System Monitoring

Lately I’ve been experimenting with various different system monitoring, charting, alarming, etc solutions.

Some of the systems I’ve experimented with include:

  • Graphdat – Great upcoming product that provides an experience like no other.
  • Cacti – My current solution for monitoring internal SNMP systems.
  • Munin – Looked nice, but out-of-the box SNMP wasn’t so successful.
  • Graphene ontop of Graphite – Looks absolutely beautiful, but you essentially have to write (or find) your own data collectors for everything.
  • MRTG – my previous solution, and great for monitoring basic SNMP counters. Could no longer handle the size of my network storage – hence the search for a replacement.
  • New Relic – a little slow, and had some issues with their dashboards appearing / disappearing. No way to customize hostnames currently, which is annoying for anyone with even mild OCD

So far, I must say that the offering from GraphDat is simply amazing. Check it out for yourself below.

Adding SELinux policies for your apps

I recently had all sorts of nightmares trying to configure cacti to talk to haproxy, via an snmp perl-script. It turns out, the problem wasn’t the normal chmod fun, wrong paths, or anything like that. Instead it was a feature of some distros of Linux known as SELinux (Security Enhanced Linux).

The most confusing part, was that all the errors I was getting, were directing me at commands, and configs, that I’d already checked.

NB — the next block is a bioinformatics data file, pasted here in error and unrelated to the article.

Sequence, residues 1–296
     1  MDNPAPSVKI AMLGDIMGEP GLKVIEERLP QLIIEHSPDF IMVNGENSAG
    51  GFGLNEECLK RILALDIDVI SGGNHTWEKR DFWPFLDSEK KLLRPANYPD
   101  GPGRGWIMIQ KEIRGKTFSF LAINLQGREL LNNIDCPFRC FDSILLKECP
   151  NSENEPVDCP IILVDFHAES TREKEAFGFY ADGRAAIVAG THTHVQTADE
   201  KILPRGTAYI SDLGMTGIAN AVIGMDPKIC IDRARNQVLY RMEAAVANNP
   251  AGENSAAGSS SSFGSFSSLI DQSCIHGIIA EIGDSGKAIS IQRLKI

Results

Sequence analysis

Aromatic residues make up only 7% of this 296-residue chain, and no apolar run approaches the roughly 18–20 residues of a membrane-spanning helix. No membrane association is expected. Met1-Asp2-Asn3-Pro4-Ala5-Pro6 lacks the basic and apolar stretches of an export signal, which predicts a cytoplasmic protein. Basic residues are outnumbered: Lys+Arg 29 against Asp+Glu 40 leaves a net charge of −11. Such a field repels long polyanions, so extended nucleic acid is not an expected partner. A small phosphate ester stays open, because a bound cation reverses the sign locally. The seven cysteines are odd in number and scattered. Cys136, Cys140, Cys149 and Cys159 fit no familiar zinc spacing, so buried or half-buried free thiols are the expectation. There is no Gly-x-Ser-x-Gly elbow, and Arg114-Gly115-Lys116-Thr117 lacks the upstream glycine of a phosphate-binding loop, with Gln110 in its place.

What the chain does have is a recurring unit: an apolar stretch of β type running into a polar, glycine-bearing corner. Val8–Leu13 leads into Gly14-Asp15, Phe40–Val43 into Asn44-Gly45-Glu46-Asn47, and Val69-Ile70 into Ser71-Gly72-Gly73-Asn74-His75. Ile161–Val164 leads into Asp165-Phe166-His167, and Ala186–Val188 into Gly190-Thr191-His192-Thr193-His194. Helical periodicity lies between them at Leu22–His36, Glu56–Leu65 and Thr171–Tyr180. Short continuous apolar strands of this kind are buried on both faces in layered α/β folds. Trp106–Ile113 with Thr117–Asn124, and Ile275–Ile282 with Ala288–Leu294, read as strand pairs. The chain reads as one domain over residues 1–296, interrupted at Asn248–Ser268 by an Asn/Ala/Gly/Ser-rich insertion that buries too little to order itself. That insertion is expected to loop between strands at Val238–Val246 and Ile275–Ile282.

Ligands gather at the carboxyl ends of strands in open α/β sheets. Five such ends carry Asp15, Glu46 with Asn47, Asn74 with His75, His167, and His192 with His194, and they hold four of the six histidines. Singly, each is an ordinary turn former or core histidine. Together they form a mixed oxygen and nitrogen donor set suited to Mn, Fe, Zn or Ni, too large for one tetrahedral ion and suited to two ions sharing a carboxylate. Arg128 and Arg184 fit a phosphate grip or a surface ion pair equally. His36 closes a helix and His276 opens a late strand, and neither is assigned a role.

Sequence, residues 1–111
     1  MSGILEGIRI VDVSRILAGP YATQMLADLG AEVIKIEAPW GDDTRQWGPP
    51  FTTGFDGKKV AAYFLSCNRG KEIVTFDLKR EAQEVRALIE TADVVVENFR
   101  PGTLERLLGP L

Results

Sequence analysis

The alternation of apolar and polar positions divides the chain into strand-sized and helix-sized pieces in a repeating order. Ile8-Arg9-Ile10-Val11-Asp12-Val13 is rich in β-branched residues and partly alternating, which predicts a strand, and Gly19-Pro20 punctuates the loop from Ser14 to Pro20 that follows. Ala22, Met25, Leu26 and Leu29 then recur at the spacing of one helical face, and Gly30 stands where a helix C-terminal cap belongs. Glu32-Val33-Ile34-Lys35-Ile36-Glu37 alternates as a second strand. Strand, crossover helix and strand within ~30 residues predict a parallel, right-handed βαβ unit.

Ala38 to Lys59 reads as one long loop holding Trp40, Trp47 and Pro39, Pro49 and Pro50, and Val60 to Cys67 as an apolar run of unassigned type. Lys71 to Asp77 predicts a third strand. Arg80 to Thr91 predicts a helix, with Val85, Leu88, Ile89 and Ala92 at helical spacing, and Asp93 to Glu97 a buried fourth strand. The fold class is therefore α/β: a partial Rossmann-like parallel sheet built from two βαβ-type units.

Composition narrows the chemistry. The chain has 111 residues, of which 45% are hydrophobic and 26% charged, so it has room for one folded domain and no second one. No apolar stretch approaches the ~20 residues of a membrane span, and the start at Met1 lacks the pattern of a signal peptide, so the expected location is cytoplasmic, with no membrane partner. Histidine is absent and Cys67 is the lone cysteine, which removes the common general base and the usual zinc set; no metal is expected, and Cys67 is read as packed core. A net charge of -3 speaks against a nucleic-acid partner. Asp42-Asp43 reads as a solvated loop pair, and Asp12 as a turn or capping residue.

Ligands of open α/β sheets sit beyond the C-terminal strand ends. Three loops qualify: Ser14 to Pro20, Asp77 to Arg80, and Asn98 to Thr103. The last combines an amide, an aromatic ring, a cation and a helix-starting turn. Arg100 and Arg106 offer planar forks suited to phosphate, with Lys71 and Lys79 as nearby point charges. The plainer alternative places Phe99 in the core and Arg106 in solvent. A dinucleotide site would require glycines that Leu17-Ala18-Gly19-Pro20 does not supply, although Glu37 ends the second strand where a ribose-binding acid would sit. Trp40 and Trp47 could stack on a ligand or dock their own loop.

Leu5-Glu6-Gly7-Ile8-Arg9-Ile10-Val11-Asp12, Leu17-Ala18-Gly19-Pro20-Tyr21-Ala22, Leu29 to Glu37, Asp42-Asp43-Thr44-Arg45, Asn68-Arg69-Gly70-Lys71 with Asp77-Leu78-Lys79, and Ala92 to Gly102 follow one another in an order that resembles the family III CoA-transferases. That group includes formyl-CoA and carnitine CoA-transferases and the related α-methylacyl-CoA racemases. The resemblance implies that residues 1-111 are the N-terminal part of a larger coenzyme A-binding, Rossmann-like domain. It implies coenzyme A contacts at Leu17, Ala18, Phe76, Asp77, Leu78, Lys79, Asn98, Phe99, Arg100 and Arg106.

e.g.

snmpbulkwalk -c public -v2c 127.0.0.1 1.3.6.1.4.1.29385
# SNMPv2-SMI::enterprises.29385 = No Such Object available on this agent at this OID
 
perl /etc/snmp/haproxy.pl
# Warning: no access control information configured.
# It's unlikely this agent can serve any useful purpose in this state.
# Run "snmpconf -g basic_setup" to help you configure the Haproxy.conf file for this agent.

Eventually, after 8 hours of scouring the interwebs, I sent an email off to the developer asking for help. Of course, I managed to discover the problem less than an hour after sending said email.

Regardless, at the end of the day, the following was the magic bullet I used to fix my problem:

setenforce Permissive
rm /var/log/audit/audit.log
service auditd restart
[yourCommand]
cat /var/log/audit/audit.log | audit2allow -M [filename]
semodule -i [filename].pp
setenforce Enforcing

Enabling Secure Sockets Layer (SSL) on Team Foundation Server 2010

I recently attempted to enable HTTPS on my Team Foundation Server.

Easy right? Just add a HTTPS binding to the tfs website.

Actually, it’s a bit trickier than that, you see, TFS2010 likes to use your local machine name for internal communications by default. In order to get the web UI to play nicely, you have 2 options.

  1. Add a HTTPS binding for the machine name to the TFS Website too (e.g. https://tfsbox)
  2. Add the tfs binding into the web config (e.g. https://tfs.mydomain.com)

After I got #1 working, I pursued the ideal solution, which was option #2.

To do this, follow these steps:

  1. Open “Application Tier/Web Access/Web/web.config” in the TFS directory
  2. Find the <tfsServers> block
  3. Add in a <clear /> tag to prevent any incorrect or old bindings from being included
  4. Add in your server like so¬†<add name=”https://tfs.mydomain.com/tfs” />

At the end, you should end up with something that looks like this:

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<tfServers>
    <clear />
    <add name="https://tfs.mydomain.com/tfs" />
</tfServers>

Without this, you’ll keep on getting the error “TFS30063: You are not authorized to access ‘tfs.mydomain.com'” and similar errors everywhere from the Web UI, all the way through to the Change URL screen in the Team Foundation Server Administration Console.

IMPORTANT NOTE: You’ll notice that there was already a commented sample server in the web.config. It’s important that you either ignore this line, or correct it, as it will be missing the trailing /tfs that is required to get everything working.